Friday, September 28, 2007 

Killing field.

I haven't written anything else about the Burmese protests and brutal crackdown, as there really doesn't seem to be much to add that isn't already being said and said better. With the military apparently having severed the remaining internet access, mobile networks down and phone lines also dead, it's difficult to know exactly what's happened today, although it seems that the protests were sparser and less well attended, for obvious reasons. Some reports are mentioning that snipers, in addition to the vast numbers of soldiers, are being brought in to Rangoon.

The Grauniad reported yesterday that elements within the army were siding with the monks, and that has been somewhat confirmed by a report from Mizzima which suggests that two light battalions have been fighting amongst themselves. Irrawaddy, which is loading incredibly slowly, suggests that Vice Snr-Gen Maung Aye, the second-in-command and commander-in-chief of the army has disagreed with the crackdown order by the junta's chief, Snr-Gen Than Shwe, and that he's scheduled to meet Aung San Suu Kyi, which would be an incredibly welcome development if true. The Democratic Voice of Burma has obtained a photograph of a dead Burmese man, apparently shot dead, which would suggest that the claims of only 9 deaths are well short of the mark, as various politicians have been stating. Mask of Anarchy has some links to al-Jazeera's coverage of the uprising, while Blood and Treasure has more news of the battalions fighting.

Irrawaddy's subtitle seems to sum it all up at the moment: killing field. This is always encouraging though:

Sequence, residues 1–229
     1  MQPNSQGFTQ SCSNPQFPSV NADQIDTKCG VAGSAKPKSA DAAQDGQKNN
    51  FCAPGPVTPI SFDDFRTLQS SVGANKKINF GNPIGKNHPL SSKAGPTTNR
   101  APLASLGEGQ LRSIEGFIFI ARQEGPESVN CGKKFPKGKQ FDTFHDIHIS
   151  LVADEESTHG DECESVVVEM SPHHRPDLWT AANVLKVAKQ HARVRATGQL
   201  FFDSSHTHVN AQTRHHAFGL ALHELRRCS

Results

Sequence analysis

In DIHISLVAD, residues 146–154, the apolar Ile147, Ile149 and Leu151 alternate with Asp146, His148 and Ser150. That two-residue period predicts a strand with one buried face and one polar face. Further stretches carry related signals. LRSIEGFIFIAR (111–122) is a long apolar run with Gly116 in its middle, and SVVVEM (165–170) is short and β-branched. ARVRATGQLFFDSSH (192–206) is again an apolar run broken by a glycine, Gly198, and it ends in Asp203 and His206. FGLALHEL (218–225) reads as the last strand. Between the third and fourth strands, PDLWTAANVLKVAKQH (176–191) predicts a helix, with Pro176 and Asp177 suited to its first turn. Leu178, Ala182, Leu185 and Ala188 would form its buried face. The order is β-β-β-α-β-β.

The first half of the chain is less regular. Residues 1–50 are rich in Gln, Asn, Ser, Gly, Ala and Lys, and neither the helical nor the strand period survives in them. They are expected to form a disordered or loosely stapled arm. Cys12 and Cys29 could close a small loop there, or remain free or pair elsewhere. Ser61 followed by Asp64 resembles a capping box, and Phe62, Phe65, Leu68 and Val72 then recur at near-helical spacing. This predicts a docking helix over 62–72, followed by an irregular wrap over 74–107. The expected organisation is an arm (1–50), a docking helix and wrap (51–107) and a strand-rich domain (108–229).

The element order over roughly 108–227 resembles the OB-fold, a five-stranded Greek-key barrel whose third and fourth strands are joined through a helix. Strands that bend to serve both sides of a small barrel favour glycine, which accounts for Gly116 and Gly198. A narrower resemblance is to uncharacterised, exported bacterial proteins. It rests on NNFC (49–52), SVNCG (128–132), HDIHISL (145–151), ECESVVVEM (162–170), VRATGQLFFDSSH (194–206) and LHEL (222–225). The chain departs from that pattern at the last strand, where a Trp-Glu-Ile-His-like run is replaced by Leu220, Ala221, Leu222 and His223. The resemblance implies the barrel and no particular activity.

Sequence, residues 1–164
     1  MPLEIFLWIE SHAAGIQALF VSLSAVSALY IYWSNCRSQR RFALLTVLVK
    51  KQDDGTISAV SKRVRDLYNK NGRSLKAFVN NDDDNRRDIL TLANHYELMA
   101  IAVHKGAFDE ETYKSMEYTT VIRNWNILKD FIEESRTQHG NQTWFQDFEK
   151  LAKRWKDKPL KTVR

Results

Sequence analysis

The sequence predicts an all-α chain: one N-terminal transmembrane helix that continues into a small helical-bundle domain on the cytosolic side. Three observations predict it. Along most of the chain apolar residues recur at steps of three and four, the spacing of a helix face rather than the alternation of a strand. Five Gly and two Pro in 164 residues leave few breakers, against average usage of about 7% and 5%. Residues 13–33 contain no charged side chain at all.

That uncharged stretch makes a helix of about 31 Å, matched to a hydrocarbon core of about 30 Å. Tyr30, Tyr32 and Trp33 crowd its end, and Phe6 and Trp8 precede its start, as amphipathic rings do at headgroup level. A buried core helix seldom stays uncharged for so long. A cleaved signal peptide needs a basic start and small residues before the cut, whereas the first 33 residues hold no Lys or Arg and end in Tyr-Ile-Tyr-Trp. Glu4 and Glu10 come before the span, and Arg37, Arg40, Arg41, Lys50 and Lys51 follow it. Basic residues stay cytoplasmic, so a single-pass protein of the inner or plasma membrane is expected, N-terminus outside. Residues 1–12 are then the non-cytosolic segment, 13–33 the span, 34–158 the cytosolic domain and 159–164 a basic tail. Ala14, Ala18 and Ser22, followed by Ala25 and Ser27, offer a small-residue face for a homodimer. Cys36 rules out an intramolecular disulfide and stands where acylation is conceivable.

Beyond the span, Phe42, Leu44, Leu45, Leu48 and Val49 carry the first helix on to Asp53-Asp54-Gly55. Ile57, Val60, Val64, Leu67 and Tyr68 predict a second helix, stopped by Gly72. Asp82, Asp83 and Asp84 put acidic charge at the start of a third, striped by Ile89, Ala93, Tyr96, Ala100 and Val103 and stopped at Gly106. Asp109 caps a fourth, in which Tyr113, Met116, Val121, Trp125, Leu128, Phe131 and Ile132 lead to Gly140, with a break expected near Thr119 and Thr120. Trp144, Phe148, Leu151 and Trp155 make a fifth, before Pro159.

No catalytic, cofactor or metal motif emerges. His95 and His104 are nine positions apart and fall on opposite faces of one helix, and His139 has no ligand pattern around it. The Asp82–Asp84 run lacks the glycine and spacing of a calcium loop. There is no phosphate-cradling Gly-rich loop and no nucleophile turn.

Men were shouting at the soldiers in English:
"Fuck you. Go fuck yourself."

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Tuesday, September 25, 2007 

The saffron revolution.

Inspiring as the protests in Burma being led by the monks are, it's hard not to be apprehensive of just how the crackdown, now seemingly fully in effect might pan out. After all, there's not just the 1988 8888 uprising which resulted in the deaths of thousands to consider, but also another military massacre from the following year: Tiananmen Square.

China's role in what now happens may well be key. Isabel Hilton argues that China doesn't want to see itself get the blame for another atrocity, especially as we fast approach next year's Olympics, but there's also another factor in all of this, that being the response of China's own population. While apart from the ever increasing number of localised protests there seems to be little national resistance to the nominally Communist leadership, the very last thing that the cadres would like to see is an example of an uprising being dealt with brutally, a potential reminder of 1989 and their own failure to force change through protest. A second bloodbath could conceivably rile China's own sleeping subversives.

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